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Govt plans five large coronavirus-dedicated hospitals as cases rise

The government was looking to have large, at least four or five, dedicated COVID19 hospitals in the country to isolate and treat the patients

Sohini Das Gireesh Babu & Samreen Ahmad  |  Mumbai, Chennai, Bengaluru 

cases in India continue to grow and the rapid screening method is likely to only increase the number of suspect COVID19 positive cases in the country. India is yet to enter stage 3 (or community transmission) of the pandemic, but the government is gearing up for eventual adversities.

Sources said the government was looking to have large, at least four or five, dedicated COVID19 hospitals in the country to isolate and treat the patients. The chief executive officer (CEO) of a large private hospital chain said ground work was on to identify properties that could be transformed into satellite hospitals (smaller centres). They could be defunct or upcoming hospitals, or hostels of educational institutions. They could be

converted into 250- to 300-bed dedicated facilities.

“It is risky to have makeshift isolation wards in running hospitals because it puts the other patients at risk. Moreover, having staggered isolation wards in various places also makes it a logistical challenge to mobilise resources,” the CEO added.

He said all big private hospitals had infrastructure for isolation wards — 15-20 beds per hospital. These are kept for contagious diseases like swine flu. They have a separate air-conditioning system distinct from the rest of the hospital’s air-conditioning, to prevent the risk of spreading germs. Private players such as the Infosys Foundation and Narayana Health Chairman Devi Shetty have urged the Karnataka government to empty a hospital with 500-700 beds to treat COVID-19 patients.

“I request you to vacate one government hospital with at least 500-700 beds for this purpose, which requires oxygen lines and pipes. Infosys Foundation will do the civil work and Dr. Devi Shetty has agreed to share resources like medical equipment,” said Sudha Murty, chairperson of the Infosys Foundation, in a letter to the chief minister of Karnataka. In an emailed response, the Infosys Foundation said it did not have any further comments on the development at this point.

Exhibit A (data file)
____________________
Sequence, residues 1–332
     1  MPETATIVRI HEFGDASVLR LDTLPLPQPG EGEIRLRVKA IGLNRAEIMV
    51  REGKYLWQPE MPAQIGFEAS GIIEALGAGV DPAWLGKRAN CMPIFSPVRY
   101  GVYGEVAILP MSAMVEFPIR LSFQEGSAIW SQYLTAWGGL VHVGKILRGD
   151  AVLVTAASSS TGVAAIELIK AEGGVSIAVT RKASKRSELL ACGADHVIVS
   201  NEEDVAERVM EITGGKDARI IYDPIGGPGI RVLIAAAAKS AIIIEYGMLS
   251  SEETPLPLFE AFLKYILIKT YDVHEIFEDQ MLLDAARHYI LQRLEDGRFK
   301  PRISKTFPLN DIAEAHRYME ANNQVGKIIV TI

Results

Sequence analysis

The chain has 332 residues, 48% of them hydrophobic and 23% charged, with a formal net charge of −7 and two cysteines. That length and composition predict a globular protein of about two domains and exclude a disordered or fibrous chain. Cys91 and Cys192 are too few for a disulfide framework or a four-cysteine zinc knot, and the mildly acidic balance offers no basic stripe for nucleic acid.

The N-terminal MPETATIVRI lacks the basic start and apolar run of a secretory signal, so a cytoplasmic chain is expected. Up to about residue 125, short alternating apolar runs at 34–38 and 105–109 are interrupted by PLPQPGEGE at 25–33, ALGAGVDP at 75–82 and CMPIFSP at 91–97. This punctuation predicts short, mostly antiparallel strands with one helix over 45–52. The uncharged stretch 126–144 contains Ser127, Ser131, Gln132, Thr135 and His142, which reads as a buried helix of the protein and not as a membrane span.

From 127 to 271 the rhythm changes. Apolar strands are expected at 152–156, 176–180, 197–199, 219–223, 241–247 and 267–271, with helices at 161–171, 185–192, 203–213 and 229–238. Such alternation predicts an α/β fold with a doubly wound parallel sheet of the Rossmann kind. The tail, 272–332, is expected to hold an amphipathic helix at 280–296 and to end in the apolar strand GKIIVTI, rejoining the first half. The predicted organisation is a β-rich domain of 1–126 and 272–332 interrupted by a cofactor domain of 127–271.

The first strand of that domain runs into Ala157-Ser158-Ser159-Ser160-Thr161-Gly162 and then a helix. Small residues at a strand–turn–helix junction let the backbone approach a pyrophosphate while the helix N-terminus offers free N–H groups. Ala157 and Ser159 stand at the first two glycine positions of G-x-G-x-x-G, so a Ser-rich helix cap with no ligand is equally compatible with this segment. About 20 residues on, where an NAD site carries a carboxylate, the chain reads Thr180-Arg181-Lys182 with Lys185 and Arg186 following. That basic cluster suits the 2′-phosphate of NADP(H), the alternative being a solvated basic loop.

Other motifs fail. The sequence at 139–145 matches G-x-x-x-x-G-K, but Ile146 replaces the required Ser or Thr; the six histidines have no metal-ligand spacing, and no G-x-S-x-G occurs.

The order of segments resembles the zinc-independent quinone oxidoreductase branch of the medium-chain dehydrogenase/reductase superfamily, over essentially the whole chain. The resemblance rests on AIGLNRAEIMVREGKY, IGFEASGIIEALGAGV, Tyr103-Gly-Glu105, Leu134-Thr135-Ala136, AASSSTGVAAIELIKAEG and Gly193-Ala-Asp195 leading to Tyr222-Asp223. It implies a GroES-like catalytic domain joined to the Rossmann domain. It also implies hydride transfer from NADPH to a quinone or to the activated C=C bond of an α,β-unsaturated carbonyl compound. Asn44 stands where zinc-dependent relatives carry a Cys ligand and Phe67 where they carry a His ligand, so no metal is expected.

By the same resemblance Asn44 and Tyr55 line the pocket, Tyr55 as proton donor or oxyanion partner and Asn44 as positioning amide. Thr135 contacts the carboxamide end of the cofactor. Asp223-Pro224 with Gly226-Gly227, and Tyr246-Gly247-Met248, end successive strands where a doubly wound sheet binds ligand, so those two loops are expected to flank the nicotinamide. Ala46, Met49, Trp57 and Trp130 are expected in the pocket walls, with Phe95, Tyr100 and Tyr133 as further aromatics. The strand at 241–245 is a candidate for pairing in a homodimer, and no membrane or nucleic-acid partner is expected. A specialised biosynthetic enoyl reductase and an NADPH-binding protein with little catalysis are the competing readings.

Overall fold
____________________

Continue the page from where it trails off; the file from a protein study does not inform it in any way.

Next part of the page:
Once a facility is identified, the private sector can step in and equip the hospital in short time, said another hospital CEO. The state governments and the municipal corporations of major cities are on the job. In Mumbai, the 700-bed Seven Hills Hospital, which was built on BMC land at Andheri, has been converted into a COVID19 facility.

Graph

Source: Data as uploaded by states-UTs on HMIS portal, status as of July 20, 2018

Tamil Nadu has 400 private isolation wards. There are 1,121 isolation wards in Tamil Nadu. State Health Secretary Beela Rajesh said: “We have roped in private hospitals and nearly 400 wards have been identified from the private sector and we are working with them in close coordination.”

Tamil Nadu Chief Minister Edappadi K Palaniswami has asked to identify quarantine places along the borders, so that the government can keep them there itself if there are positive cases, rather than transporting them to other centres. He has also asked to identify and keep old engineering college hostels ready for the calamity. The state health department is keeping around 500 standby quarantine places in old engineering colleges on outskirts, Rajesh said.

Apollo Hospitals is ready to chip in. “We are fully prepared. There are discussions for us to test and treat patients in our facilities, if need arises. This is the war of our generation and all of us are stepping up,” said Shobhana Kamineni, executive vice-chairperson of Apollo Hospitals.

States feel that the measures taken till date should sustain the inflow of patients for the next two to three weeks. India has abysmally low hospital beds per capita and once the pandemic spreads, there would be hardly any time to create infra.

In Kerala, where the country’s first COVID19 case was detected, has kept over 18,000 people under observation. Most of them are home quarantined. Meanwhile, Ernakulam will take over the spaces available in hostels of various educational institutions, hotels, hostels and private hospitals unutilised rooms to quarantine those who have infection. “All of us in the private sector are gearing up. If the situation arises, we are ready to convert one floor as an isolation facility which would accommodate up to 25-30 beds,” said Somesh Mittal, chief executive officer, Vikram Hospital.

The Karnataka government has also announced that all passengers arriving from abroad will be quarantined for 15 days in private colleges, hospitals, budget hotels and resorts near the airport.

However, he feels the government should pick up a newly-built society or a hotel with 200-500 rooms which could be converted into an isolation centre for Covid-19 patients in a short span of time.

The Karnataka government has also announced that all passengers arriving in the state from abroad will be quarantined for 15 days in private colleges, hospitals, budget hotels and resorts near the Kempegowda International Airport.

First Published: Wed, March 18 2020. 21:39 IST
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